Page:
Nick_A wrote: ↑
Mon Jan 08, 2018 2:58 pm
Greta, you seem to have a strong emotional rejection of Christianity. This is normal because over time Christianity has devolved into sects of Christendom or man made Christianity into society producing mixed results. Many here have had bad experiences with these mixed results. However, St. Paul provides and elegant personal description of our dual nature and how far we are from “I Am.” Are you open to contemplating it and experiencing the same within you? This is the essential beginning. Can a person living as a plurality consciously evolve into inner unity? To “know thyself” means to experience this great contradiction within ourselves. Without it we just intensify our negativity through frustration producing the verbal abuse and cyber bullying this thread is about. We cannot solve a problem without first experiencing the problem and admitting it.
14 We know that the law is spiritual; but I am unspiritual, sold as a slave to sin. 15 I do not understand what I do. For what I want to do I do not do, but what I hate I do. 16 And if I do what I do not want to do, I agree that the law is good. 17 As it is, it is no longer I myself who do it, but it is sin living in me. 18 For I know that good itself does not dwell in me, that is, in my sinful nature.[c] For I have the desire to do what is good, but I cannot carry it out. 19 For I do not do the good I want to do, but the evil I do not want to do—this I keep on doing. 20 Now if I do what I do not want to do, it is no longer I who do it, but it is sin living in me that does it.
21 So I find this law at work: Although I want to do good, evil is right there with me. 22 For in my inner being I delight in God’s law; 23 but I see another law at work in me, waging war against the law of my mind and making me a prisoner of the law of sin at work within me. 24 What a wretched man I am! Who will rescue me from this body that is subject to death? 25 Thanks be to God, who delivers me through Jesus Christ our Lord!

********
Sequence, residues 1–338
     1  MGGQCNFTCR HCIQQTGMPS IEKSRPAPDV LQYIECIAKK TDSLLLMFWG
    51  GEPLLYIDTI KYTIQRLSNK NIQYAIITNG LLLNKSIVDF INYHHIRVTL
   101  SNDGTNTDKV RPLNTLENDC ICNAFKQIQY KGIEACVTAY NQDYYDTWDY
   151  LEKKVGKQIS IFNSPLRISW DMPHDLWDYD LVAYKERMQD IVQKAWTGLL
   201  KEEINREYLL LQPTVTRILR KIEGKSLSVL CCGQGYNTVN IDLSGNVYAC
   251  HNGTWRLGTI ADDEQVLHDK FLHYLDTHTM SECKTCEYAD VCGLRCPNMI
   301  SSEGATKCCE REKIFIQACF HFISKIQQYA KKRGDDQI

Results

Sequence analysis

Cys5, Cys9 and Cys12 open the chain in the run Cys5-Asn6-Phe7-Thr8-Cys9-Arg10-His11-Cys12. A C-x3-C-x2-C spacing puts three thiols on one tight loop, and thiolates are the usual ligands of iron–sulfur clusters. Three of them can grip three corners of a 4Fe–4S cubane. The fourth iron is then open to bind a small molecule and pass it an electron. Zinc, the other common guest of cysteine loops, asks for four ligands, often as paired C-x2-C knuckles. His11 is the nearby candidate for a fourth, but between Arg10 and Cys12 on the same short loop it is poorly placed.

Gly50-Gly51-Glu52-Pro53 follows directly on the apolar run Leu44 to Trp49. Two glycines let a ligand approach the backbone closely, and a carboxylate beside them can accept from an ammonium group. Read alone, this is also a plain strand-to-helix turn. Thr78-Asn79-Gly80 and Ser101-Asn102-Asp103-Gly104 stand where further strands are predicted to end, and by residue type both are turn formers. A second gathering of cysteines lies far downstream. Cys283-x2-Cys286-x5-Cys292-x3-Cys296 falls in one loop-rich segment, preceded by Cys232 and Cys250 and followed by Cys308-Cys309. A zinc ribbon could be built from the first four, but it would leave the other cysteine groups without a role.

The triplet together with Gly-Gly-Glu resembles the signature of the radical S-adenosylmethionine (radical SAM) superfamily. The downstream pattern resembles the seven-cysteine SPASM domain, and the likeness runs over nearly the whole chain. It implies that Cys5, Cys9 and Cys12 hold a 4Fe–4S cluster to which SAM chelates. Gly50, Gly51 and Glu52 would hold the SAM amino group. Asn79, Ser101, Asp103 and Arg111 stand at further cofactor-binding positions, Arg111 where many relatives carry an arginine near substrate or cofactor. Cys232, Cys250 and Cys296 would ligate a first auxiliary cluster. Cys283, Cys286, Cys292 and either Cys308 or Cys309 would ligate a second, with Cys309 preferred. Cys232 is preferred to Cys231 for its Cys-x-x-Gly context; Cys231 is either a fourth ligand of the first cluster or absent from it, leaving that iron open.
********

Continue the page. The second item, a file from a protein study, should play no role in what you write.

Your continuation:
So then, I myself in my mind am a slave to God’s law, but in my sinful nature[d] a slave to the law of sin.
Nick, IMO all any of us do is is the best they know how at the time. The ideas of theists, atheists, pantheists, panentheists, deists, agnostics, pagans and so on have many commonalities due to our common biology and existential situation.
So, nowadays I try hard to understand what key points people are trying to get across rather than worrying about detail. To do that, sometimes I need to translate into my kind of language, and this is the case with your ideas.
To deal with the second part of your post first, I see "sin" as our atavistic animal nature - our greed, lust, aggression, anger, vengefulness, cruelty, and so forth. Freud called this base evolved nature the Id, Jung termed it the Shadow (Plato would have approved). It is a lifetime challenge to maintain control over one's more unhelpful base impulses.
It's true that we need to recognise the impulses that prevent us from being the kind of people we most want to be, but recognising the many activities of the animal within (many of them helpful) is only the first step in potentially domesticating ourselves. At this juncture many meditation masters will talk about the importance of mindfulness, of regulating oneself, of noticing those things we take for granted, and to grasp the nettle of needed but unwanted tasks and ideas. It's much harder than it sounds; self mastery is more than a lifetime's work.
My, and Kant's, understanding is that we cannot get in touch with actual reality. Consider what happens to people who return from NDEs - their filters are somewhat disabled and they tend to be overwhelmed by even dim light and gentle sounds. Without the buffer of our brain's filtering we could not function. That's life - you are born without a clue and struggle for a while until your inevitable destruction. One can only hope that when we die, rather than complete annihilation, that the actual reality we have been unable to touch becomes manifest. I suppose one can believe in that, but it's impossible to rationally justify.